The state-appointed emergency manager for Highland Park’s public schools has revoked diplomas awarded last year to 18 students.

MLive reported Friday that a review of transcripts determined the students were given credit for failed classes or didn’t have enough credit hours to graduate.

Emergency manager Donald Weatherspoon says the students in the academically and financially struggling Detroit area district were “misled” by school officials.

Weatherspoon also is manager of Muskegon Heights Public Schools in West Michigan.

He says he is seeking funding for a plan to allow students who graduated from Muskegon Heights High School as long as six years ago to receive free online learning. Weatherspoon says he believes the students received an inadequate education.

Weatherspoon is also offering free online classes for students who graduated from Muskegon Heights schools in the past six years because of the inferior education they received:

People who graduated from Muskegon Heights High School as many as six years ago would receive free online learning under the emergency manager’s plan to address what he perceives as an inadequate education that was provided to them. {…}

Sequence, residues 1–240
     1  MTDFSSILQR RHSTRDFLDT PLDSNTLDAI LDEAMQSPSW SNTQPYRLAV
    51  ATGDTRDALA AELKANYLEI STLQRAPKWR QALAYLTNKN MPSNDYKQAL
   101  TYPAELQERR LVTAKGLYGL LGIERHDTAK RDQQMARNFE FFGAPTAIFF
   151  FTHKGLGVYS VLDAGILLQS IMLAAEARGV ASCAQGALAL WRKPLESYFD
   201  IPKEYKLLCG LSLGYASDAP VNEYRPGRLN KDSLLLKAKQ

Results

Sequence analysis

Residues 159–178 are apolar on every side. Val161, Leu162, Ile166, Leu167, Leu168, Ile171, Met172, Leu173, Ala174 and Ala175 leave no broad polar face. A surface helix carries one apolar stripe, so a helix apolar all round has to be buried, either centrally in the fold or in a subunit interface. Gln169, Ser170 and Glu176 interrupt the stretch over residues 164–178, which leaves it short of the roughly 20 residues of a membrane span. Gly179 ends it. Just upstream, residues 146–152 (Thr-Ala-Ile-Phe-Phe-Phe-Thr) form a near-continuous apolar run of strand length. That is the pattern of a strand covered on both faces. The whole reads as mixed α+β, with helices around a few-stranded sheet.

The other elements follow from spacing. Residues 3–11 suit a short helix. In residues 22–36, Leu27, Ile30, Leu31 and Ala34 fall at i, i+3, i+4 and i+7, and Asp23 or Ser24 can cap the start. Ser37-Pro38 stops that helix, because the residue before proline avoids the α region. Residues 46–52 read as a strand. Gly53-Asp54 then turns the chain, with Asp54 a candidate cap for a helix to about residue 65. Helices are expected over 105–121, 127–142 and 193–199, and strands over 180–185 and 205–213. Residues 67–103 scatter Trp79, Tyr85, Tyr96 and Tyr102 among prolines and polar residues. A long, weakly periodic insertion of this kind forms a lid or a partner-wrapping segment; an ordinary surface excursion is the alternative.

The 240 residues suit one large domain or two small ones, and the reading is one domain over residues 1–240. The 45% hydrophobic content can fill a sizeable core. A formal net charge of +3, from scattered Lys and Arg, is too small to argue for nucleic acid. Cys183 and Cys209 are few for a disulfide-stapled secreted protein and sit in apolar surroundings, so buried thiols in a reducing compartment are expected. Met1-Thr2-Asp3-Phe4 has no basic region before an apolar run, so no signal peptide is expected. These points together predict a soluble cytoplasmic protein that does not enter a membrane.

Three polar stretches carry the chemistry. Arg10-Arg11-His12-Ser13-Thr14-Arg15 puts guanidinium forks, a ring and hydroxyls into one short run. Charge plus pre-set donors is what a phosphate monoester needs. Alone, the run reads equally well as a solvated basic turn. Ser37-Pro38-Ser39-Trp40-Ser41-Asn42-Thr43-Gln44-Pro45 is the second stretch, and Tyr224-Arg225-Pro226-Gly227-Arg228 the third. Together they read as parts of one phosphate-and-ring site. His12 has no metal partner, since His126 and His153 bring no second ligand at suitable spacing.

Testing of Muskegon Heights High School students found the vast majority – including 92 percent of ninth-graders – began the school year at least three grades behind in math and reading. That prompted Weatherspoon to explore what can be done for those who have graduated from the district as well as those yet to graduate.

He calls it a “plus six, minus six” approach. That means that people who graduated as many as six years ago or who will graduate as many as six years from now would be entitled to the free educational support. Weatherspoon is trying to find a way to fund the program he said is “still in a concept stage,” and is exploring state job training money.

Weatherspoon said he does not anticipate rescinding diplomas in Muskegon Heights, where he said there is confusion over whether 17 or 21 credits were required to graduate.

It was actually a newsflash to me that the same person is the EM for two school districts.

Well, that’s it for now. Stay tuned. This story is clearly not going away any time soon.